Advertisements
Posted in Artificial Intelligence, Insuretech | Leave a comment

What the next year looks like for InsurTech

insurtech 2

Over the last two years, investments in the global InsurTech market have crossed $2.3 billion and the sector has continued to grow at an astounding rate of 3-4%.  EY estimated the net income growth rate to cross 23% as opposed to 14% in 2017, all of this only point towards one thing: the immense possibilities for the future. With more than 24 life insurance companies and 33 non-life insurance companies, the market is booming in India today. This is mind blowing, but one of the biggest challenges that the insurance sector faces, is the way it is perceived. People no longer want to think of it as boring paperwork, long calls with agents and multiple forms to file for one claim. Consumers, especially millennials are looking for specific policies with small premiums and maximized benefits that they can purchase conveniently, preferably online. Here’s where a combination of insurance and intelligent technology comes into play. InsurTech led by disruptive tech like AI sure has been more than a buzzword in the last few years!

InsurTech in 2018

The Insurance sector in India has seen many improvements in the past year, both in terms of innovation and premium growth. While digital innovations successfully disrupt the traditional ways of functioning, the government is taking more steps towards financial inclusion and a better-connected India. The income of the Indian middle class is also rising steadily, and this means that insurance companies are better suited to plan their premium offerings. Life Insurance premiums have been growing at a CAGR of 12.49%, and Non-life premium at a CAGR of 11.05%. More and more Point of Sale people are becoming part of this industry, and thus, consumers are becoming more and more comfortable with the idea of buying insurance online. This landmark decision by the IRDAI will surely increase business potential quite drastically. Broking Agencies like PolicyBazaar, QuickInsure and TurtleMint have seen investments of more than $250 million in 2018. There’s so much more to come!

Disrupting InsurTech with AI and IoT

With more than 337 million smartphones and millennials who form almost half of India’s population, IoT is also booming. This means only one thing: more consumer data. Data is the backbone of artificial intelligence, and going ahead, AI coupled with predictive analytics will pave the way towards mapping trends and consumer behavior better, in turn, helping insurance companies make informed policy decisions. As IoT devices becomes cheaper and better integrated in our daily life cycle, AI will use this data for real-time risk evaluation and ensure the right premiums for every customer! Paperwork? Forms? Manual intervention. All gone! Policy issuance will become so much simpler, faster and more efficient. IoT will play a major role in the future with real-time metrics being a major factor to issue better premiums. Imagine if you get a drive-score to build your driving profile that can get you a reduced premium, and if you ever need to claim the insurance, you don’t even have to stand in line because it gets credited to your account through the click of a button. Sounds awesome, right? AI is all set to disrupt traditional claims, distribution, underwriting, and pricing, and this solution is closer than you think!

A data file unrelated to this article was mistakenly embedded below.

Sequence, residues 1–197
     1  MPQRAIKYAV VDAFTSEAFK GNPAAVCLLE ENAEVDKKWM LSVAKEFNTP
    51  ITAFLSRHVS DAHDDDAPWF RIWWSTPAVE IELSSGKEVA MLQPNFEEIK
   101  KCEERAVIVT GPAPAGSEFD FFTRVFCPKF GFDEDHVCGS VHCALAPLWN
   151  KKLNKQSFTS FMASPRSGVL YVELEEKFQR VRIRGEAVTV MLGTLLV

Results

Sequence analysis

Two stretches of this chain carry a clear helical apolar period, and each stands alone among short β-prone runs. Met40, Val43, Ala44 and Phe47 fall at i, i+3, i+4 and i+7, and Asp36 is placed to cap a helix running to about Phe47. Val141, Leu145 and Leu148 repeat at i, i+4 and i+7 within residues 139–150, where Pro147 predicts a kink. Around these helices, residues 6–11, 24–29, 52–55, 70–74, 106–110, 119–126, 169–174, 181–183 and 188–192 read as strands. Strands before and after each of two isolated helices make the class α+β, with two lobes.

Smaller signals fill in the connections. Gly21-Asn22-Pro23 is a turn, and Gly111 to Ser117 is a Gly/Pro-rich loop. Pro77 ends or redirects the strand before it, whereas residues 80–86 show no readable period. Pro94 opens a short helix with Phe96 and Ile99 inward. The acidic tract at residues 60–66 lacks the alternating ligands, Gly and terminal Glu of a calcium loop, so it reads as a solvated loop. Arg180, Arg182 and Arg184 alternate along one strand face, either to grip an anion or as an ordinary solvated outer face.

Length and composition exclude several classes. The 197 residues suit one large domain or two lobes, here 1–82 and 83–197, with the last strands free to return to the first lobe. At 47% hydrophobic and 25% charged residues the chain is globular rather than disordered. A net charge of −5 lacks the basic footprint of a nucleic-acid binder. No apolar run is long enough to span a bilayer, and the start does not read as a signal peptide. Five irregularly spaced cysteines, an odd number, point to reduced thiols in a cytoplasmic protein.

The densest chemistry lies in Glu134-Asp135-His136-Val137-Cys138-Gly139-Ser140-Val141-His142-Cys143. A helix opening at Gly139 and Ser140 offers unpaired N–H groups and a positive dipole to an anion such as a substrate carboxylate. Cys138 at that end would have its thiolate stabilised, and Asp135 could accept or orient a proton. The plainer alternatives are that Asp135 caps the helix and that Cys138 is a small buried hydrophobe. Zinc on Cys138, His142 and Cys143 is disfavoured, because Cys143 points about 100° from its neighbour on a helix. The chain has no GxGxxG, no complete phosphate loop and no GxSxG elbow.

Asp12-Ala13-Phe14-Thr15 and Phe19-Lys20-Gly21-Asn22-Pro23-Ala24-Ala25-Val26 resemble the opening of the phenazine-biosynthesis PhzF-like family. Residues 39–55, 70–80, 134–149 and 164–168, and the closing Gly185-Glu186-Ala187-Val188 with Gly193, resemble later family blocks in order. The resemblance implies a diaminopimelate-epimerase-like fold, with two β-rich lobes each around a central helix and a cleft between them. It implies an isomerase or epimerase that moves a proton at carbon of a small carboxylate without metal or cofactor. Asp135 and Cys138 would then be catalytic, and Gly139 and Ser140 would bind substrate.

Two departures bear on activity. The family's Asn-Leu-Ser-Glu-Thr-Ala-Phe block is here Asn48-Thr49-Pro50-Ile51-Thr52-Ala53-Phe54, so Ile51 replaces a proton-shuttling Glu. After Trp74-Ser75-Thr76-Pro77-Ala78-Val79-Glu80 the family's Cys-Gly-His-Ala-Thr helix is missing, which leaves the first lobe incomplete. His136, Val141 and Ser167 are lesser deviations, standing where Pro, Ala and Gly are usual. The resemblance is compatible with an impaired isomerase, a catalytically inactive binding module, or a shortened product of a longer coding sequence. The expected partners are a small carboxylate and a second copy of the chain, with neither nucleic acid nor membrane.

Predictions for 2019: Customized Insurance Plans, Cryptocurrency and more

While all insurance companies want to make their premiums as affordable as possible, that will always depend on the customer’s profile. However, in the near future, you could get customised insurance products, negotiated on the terms and benefits of a policy Vs the premium, and this would all be automated for each customer separately. Customers want solutions, not services, and if you can give them that, you’ve won the race already. The emergence of online third party platforms that build an entire insurance ecosystem online for consumers to choose solutions from is going to be a key trend this year. India will also see microinsurance coming up, in line with the government’s goals of financial inclusion mentioned earlier. McKinsey states that item insurance, or the concept of ‘insurance as a service’ will escalate and allow people to insure items only when they are being used. Gamification, chatbots and mobile tools to ensure constant user engagement cannot be missed out. After all, it is the ‘connected generation’ that insurers have to target.

Adopting newer tech to gain an edge over competitors by improving operational efficiency is the mantra we all need to follow. BigData, AI, and IoT are here to make their mark, and the in near future, crypto-currencies may disrupt the InsurTech sector as well. Here’s to a year full of tech innovations that matter!

Posted in Insuretech | Leave a comment

Making Manufacturing Smart: Predictive Maintenance

Predictive Maintenance (1).png